The Irish Government has this week published the draft of the Data Protection Bill 2018. This legislation purports to give effect to the General Data Protection Regulation, but it contains extensive carve outs and exemptions for Public Sector organisations and Public bodies, not least the proposal to exempt such organisations from the administrative fines proposed under the GDPR (see .

It also grants Minister’s powers that I can only term the “L’oreal approach”, because they seem to suggest Ministers can over-rule fundamental principles of EU jurisprudence in the area of Data Protection “because they’re worth it”,. The legislation seems to ignore the need to judge the necessity and proportionality of the measures (see Section 32 and Section 34 of the Bill). However, it is not the only piece of data management legislation in the Irish Government’s to-do list.

There is also the Data Sharing and Governance Bill which has been in incubation since 2014 and which we have commented on previously. This legislation purports to create an umbrella framework under which government agencies could share data about individuals without the need to consider primary legislation. When we reviewed the Data Sharing and Governance bill in 2014, we essentially commented that it was very heavy on the sharing and oddly light on the governance. Back then, there wasn’t even a definition of what they meant by “sharing” in the legislation.

There is a common thread in the development of both the Data Protection Bill and the Data Sharing and Governance Bill. In both cases, the views of the Data Protection Commissioner appear to have been largely ignored.

In the Data Protection Bill, the DPC has consistently objected to Public Bodies being exempted from administrative fines, and one would imagine they would have some concerns over the apparent curtailment of their independent powers under Section 104 of the Bill. They might also be concerned by the apparent lack of understanding in the Bill that the test in EU law is “necessary and proportionate”, not just “because we fell it is necessary”.

With the Data Sharing Bill, there was extensive and public disagreement at the Oireachtas Committee that heard briefings on the Data Sharing and Governance Bill between the Data Protection Commissioner and the Department of Justice about what the Bill actually was intended to do. The Department hold the view that it was an umbrella piece of legislation that would allow widespread data sharing without the need for specific primary legislation in the future, but rather ministerial orders or Statutory instruments would suffice. The Data Protection Commissioner hold the opposite view, that such an umbrella piece of legislation clashes with fundamental principles of data protection law.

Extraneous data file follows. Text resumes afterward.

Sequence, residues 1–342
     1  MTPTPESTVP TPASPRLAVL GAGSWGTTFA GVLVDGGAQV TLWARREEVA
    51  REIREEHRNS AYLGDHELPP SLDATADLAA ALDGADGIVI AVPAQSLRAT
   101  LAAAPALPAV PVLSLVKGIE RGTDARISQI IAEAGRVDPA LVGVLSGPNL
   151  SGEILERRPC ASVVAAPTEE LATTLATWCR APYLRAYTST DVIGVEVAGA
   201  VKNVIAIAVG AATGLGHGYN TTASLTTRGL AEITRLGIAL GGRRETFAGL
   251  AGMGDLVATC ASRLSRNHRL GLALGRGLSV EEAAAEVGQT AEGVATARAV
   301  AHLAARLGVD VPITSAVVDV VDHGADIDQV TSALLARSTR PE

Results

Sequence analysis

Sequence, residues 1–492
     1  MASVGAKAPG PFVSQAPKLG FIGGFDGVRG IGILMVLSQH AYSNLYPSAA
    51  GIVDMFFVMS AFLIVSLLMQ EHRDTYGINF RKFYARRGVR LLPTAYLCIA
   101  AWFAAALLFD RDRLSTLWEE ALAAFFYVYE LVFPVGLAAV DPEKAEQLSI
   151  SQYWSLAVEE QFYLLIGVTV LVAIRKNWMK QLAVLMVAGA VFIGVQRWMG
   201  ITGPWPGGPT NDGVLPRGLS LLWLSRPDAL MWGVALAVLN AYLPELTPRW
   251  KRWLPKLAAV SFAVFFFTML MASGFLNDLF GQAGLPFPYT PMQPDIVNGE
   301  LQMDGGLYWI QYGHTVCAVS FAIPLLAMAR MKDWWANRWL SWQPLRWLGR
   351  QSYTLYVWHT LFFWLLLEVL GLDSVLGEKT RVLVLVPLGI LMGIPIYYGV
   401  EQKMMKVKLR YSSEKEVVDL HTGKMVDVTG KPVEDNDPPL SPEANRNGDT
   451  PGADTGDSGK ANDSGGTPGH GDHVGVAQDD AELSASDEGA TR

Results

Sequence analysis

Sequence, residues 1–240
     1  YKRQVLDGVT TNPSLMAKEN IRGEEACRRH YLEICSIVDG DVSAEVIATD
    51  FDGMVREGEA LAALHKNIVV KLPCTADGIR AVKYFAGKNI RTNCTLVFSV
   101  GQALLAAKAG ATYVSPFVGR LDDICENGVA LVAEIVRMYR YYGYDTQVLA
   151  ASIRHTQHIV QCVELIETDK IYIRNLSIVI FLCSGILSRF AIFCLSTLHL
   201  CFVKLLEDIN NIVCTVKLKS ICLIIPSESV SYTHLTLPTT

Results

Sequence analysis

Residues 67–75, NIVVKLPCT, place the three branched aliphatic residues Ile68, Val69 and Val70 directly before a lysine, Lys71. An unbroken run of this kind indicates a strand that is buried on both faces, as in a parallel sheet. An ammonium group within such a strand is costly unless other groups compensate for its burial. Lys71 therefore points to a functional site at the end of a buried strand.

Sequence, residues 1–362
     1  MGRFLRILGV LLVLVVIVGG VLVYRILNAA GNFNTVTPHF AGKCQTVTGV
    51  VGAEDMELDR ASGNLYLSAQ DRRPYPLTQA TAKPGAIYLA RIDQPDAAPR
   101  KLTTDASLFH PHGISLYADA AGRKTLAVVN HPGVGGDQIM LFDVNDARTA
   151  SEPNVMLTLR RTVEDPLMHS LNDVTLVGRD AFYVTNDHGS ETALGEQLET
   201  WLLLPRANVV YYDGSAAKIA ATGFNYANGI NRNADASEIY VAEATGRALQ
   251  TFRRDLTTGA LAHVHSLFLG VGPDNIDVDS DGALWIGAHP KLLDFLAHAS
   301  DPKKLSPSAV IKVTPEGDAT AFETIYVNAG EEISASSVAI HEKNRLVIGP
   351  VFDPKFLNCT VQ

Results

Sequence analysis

So, what does this all mean? Well, the Irish Government appears to have decided to get around the Data Protection issues raised by the Data Sharing Bill to allow widespread data sharing by effectively gutting the GDPR in the context of Irish Public bodies and weakening the authority of the DPC. The DPC will have limited enforcement tools to use against Public Bodies.

  • It means that, when push comes to shove, the Government will rely on a variant of the “L’Oreal” defence when considering the fundamental rights of individuals – less “because we’re worth it”, more “because you (or at least your rights) are worthless”.
  • It means that charities providing services on behalf of the State could find themselves punished for doing things with the data of people that a State body has forced them to do under a Ministerial Order or on pain of being defunded which infringe the data privacy rights of those vulnerable people, resulting in enforcement action against the Charity. For simply trying to meet two conflicting obligations.
  • It means that data will potentially move willy nilly between Government agencies with minimal oversight and control, and negligible sanctions where things go wrong.

To draw an analogy from the Hitchhiker’s Guide to the Galaxy, the interplay between the Data Protection Bill as drafted and the Data Sharing and Governance Bill as it is proposed will be akin to a Vogon Construction Fleet arriving at Planet Earth to destroy it to make way for the hyperspace route.

The plans and information will all have been on display somewhere and we citizens should have taken the time to go and find it out ourselves. There will be no consequence for the Vogon Captain/Government Minister/Civil Servant who decides to obliterate the planet to deliver on the planned route.

There are some significant missed opportunities in both pieces of legislation. But the sum of the parts is increasingly disconcerting and suggests that the Irish Government doesn’t *get* data protection and data management at a fundamental level.

Unlike the Planet Earth in the Hitchhiker’s Guide to the Galaxy, there are things that we can do now – contact your local TD and let them know you are concerned that the Government wants to give themselves extensive data sharing powers with one hand and remove constraint, restraint, and sanctions with the other.

That is not a good “Grand Bargain”, and the Infinite Improbability Drive tells us that inevitably there will be people hitchhiking to the CJEU to have these laws tested.